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Stock Exchange


Stock Exchange, also known as bourse, an organization that facilitates the trade in company shares or other types of securities, such as bonds, unit trusts, and derivative products. Today, they fulfil several objectives: allowing a company to raise capital by floating its stock (often known as an “initial public offering”, or IPO); giving investors a way to participate in a company’s success by sharing in their profits (through share price appreciation and dividends); and allowing access to securities covering more esoteric investments such as commodities or pooled investments. Increasingly, stock exchanges such as Deutsche Börse, based in Frankfurt, provide more than just a trading venue and can offer transaction settlement services, provision of market information, as well as the development and operation of electronic trading systems.

For a company to raise cash for investment or day-to-day operations, it can either borrow through the banking system or issue stocks or bonds. This issuance takes place in the primary market, which involves large investment banks and investors purchasing these shares through an IPO. Subsequent trading of these shares or bonds takes place on the secondary market, through the stock exchange. Exchanges have regulations to which companies must conform in order to be allowed to use their facilities. These rules differ but generally include the publication of audited accounts, announcement of corporate actions, and payment of dividends. While there have been stock market crashes and scandals in the past, the greater level of regulation and oversight by institutions mean such occurrences are rarer. However, because some exchanges have higher levels of regulation and listing requirements than others, they may be more attractive for a company to list on. These requirements may be based on company size in terms of income or capital worth and how long it has been trading.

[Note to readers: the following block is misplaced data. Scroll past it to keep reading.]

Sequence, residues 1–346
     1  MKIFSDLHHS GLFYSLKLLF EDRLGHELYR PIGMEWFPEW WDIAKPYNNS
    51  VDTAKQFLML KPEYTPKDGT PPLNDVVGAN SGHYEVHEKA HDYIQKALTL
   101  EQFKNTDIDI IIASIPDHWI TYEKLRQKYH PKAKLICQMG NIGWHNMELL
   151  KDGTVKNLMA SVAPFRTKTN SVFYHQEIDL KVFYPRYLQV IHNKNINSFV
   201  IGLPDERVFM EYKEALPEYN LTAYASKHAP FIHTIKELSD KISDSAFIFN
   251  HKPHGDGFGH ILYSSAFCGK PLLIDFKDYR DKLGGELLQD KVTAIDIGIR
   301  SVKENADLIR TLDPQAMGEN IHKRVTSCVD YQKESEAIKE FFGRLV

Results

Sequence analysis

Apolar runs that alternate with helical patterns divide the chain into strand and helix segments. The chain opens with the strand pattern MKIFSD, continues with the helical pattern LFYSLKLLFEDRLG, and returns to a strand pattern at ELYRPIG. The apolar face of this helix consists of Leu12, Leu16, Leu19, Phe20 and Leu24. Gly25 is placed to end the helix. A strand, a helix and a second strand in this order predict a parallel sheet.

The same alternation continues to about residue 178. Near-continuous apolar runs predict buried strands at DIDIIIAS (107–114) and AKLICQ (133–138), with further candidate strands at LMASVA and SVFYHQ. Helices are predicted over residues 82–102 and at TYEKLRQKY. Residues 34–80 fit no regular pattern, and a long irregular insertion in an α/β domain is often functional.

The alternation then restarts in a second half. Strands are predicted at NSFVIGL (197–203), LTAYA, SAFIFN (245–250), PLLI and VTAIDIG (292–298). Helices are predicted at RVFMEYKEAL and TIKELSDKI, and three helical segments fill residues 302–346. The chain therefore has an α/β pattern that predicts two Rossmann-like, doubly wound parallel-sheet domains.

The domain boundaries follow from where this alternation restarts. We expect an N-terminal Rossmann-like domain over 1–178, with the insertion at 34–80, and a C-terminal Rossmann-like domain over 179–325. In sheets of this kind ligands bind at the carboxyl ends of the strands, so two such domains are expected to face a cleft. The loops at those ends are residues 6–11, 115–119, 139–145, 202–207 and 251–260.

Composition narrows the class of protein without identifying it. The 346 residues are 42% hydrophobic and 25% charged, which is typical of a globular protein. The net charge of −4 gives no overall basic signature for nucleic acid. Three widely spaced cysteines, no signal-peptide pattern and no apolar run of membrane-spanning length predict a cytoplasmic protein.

Since the 1980s, many developments in the structures and operations of stock exchanges have seen them hugely changed from the time of their inception. The earliest form of a stock exchange is believed to have emerged in France in the 12th century and was primarily based on the central trading of government-issued securities. Unofficial markets existed across Europe through to the 17th century, and the Amsterdam Stock Exchange opened in 1602, is credited as having been the first to have issued and traded shares in a company—the Dutch East India Company. The London Stock Exchange (LSE) is one of the world’s oldest and largest. It started in the coffee-houses of London in the 17th century. By 1761 groups of stockbrokers had formed a club to trade shares and 12 years later they built their own exchange with coffee-shop above. By 1801, it had reopened on a membership basis and London’s first regulated stock exchange began.

The mutual structure of an exchange such as London’s has been one characteristic that has changed most recently. Many stock exchanges have themselves floated shares to become listed companies. For many years the dominant players in the world of stock exchanges in terms of the value of companies listed with them have been the New York Stock Exchange (NYSE), the LSE, and the Tokyo Stock Exchange. However, just as institutions have demutualized, developed electronic trading systems, and handle ever-more complex forms of securities, so too has the competition. The NYSE is today known as the NYSE Euronext since its acquisition of the Euronext group, completed in 2007. In 2008 NYSE Euronext announced that it plans to take over the American Stock Exchange (Amex). The Euronext group is a rare example of a multinational exchange organization, providing services for regulated markets in Belgium, France, the Netherlands, and Portugal, and derivatives for the United Kingdom. In the face of this form of a competitive market with exchanges such as Deutsche Börse growing, and the merger of Euronext and the NYSE, players such as the LSE have merged with other exchanges such as Borsa Italiana, based in Milan. Additionally, as emerging economies develop, in particular in South East Asia, exchanges in places such as Hong Kong and Singapore become more important.